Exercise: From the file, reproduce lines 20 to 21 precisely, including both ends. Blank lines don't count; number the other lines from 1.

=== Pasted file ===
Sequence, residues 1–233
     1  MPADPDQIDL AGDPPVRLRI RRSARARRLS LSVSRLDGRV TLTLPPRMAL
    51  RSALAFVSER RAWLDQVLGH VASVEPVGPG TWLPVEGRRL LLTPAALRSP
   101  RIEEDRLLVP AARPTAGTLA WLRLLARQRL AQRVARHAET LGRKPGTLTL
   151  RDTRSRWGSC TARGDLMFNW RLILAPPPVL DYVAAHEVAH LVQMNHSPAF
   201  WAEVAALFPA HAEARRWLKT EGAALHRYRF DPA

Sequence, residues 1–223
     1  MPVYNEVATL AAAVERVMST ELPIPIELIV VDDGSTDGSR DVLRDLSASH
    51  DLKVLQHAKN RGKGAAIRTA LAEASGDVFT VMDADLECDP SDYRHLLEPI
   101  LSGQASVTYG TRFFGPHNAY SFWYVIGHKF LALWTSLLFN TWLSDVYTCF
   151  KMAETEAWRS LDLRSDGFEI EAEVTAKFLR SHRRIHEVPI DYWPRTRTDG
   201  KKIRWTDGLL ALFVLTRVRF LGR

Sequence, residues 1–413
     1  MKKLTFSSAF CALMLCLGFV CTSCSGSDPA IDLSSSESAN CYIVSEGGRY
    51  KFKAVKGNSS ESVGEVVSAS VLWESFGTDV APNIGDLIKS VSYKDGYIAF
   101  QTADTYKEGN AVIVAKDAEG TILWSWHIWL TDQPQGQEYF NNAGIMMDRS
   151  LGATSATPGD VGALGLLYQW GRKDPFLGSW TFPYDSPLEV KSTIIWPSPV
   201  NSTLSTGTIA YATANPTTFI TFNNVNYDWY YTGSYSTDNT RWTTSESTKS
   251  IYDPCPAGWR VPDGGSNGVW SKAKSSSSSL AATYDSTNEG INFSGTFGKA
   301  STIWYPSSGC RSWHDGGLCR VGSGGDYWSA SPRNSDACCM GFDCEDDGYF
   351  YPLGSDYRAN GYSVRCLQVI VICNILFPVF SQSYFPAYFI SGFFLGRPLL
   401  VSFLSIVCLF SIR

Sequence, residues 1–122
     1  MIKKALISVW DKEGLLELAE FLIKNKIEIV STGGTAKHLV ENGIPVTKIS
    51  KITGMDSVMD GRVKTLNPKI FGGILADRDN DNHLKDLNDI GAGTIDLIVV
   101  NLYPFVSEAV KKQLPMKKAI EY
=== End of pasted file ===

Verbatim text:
   301  STIWYPSSGC RSWHDGGLCR VGSGGDYWSA SPRNSDACCM GFDCEDDGYF
   351  YPLGSDYRAN GYSVRCLQVI VICNILFPVF SQSYFPAYFI SGFFLGRPLL